2. Bill Ferriter says:

    Hey Pal,

    So what resonates most with me in this post is the notion that we should all be willing to take risks and put on our own show no matter what. Going against the norm — something that it sounds like LeDoux was willing to do in the format of his concerts and shows — is a part of who I am and what I believe in. Someone has to blaze trails, right?

    But here’s the question that is rumbling through my mind as this applies to education: Do you think that schools encourage risk taking?

    My answer is, “Hell, no!” Here’s why: As much as we say that we value risk taking, we continue to rely on traditional metrics (read: standardized tests) to judge anything and everything in schools. And if we are being completely honest, preparing students to do well on end of grade exams depends on nothing more than traditional teaching.


    Worse yet, we “hold teachers accountable” for results on those tests and we jack the stakes for poor results up to eleven. All of those stakes and pressures discourage risk taking times ten.

    So my challenge to all y’all working beyond the classroom is to find (and write about) genuine ways to encourage a culture of risk taking in schools. Because from the perspective of this classroom teacher, we are talking out of both sides of our mouth right now. We say things like “we need to reimagine education” while simultaneously “holding teachers accountable” for results that are anything but reimagined.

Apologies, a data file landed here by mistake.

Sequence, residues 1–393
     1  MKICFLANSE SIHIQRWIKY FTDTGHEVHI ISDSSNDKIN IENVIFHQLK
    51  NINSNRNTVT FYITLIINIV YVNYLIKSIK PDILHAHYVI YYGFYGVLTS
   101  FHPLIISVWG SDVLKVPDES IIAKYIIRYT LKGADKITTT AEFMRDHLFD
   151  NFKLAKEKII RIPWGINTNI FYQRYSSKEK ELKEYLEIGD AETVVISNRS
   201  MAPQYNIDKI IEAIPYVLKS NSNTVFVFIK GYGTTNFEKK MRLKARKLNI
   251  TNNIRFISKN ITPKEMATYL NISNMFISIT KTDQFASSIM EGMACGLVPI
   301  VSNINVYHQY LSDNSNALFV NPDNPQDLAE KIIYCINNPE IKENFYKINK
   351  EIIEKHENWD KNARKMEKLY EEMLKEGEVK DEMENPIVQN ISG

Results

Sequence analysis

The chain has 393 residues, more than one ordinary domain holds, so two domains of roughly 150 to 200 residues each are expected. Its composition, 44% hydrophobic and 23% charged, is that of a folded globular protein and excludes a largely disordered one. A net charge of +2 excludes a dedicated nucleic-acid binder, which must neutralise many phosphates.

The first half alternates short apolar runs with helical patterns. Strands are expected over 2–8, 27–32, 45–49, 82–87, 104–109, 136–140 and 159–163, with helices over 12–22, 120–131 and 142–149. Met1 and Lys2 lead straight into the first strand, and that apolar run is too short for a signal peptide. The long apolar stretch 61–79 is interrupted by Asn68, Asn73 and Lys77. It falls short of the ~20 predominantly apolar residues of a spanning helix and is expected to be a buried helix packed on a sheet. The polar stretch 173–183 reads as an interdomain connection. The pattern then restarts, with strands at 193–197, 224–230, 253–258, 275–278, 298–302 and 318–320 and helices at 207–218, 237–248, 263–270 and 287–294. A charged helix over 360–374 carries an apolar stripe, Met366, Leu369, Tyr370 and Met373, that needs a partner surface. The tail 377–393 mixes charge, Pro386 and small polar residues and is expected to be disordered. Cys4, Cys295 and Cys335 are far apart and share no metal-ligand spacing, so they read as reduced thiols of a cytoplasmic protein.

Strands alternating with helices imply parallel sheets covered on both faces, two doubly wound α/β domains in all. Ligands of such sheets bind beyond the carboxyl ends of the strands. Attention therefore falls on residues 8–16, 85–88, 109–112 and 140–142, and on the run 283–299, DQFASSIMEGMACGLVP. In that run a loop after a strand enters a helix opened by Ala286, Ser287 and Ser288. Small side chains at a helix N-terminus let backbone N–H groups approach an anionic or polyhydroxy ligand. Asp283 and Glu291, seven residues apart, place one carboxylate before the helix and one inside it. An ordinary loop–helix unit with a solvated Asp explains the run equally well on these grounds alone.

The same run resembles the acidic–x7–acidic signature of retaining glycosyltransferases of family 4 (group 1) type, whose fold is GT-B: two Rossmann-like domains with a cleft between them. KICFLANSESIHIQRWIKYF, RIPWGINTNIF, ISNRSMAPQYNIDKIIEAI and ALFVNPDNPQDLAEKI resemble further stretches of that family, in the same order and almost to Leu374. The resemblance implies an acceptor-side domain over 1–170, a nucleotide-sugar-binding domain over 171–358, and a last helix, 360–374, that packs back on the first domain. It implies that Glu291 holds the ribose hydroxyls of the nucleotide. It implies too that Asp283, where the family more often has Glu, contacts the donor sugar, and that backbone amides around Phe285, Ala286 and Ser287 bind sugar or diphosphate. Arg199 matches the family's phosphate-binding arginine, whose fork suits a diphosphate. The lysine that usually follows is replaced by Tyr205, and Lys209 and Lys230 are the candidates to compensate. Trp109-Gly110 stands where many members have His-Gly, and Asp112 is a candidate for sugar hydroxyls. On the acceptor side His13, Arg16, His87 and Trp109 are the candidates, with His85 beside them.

Does any of this make sense?

    Liked by 1 person

    • BrendanFetters says:

      Thank you for reading, Bill! As always, I truly appreciate your detailed, honest and reflective feedback! I’m totally with you about the risks. While unfortunately some aspects of risks we’re hand-tied against (notably standardized tests) in terms of how much flexibility we as educators collectively have, the level of risk taking starts at the top.
      I was very fortunate to work with Chas Miller several years (@ChasTweets) when he was still in our district and seeing his daily model of the power of #FailForward and taking risks encouraged so many stakeholders to do so — myself included as a 4th grade teacher on his staff.
      When the “top dog” at the school values taking risks and being creative for the specific purpose of learning (not just some “cute” Pinterest lesson with no ties to CCSS, 4Cs, targeted learning, etc.) it’s truly a trickle down effect on the staff once the buy-in is there. The trick is how to effectively get effective buy-in. It can happen but not overnight — persistence is the key.
      My goal as an educational leader is to model similar types of “behavior” as best of my ability no matter my capacity in the school level. Make sense? I look forward to continuing this conversation face to face soon, pal! I truly appreciate your contributions to our district and above all, profession! #YouMatter KOKO -Brendan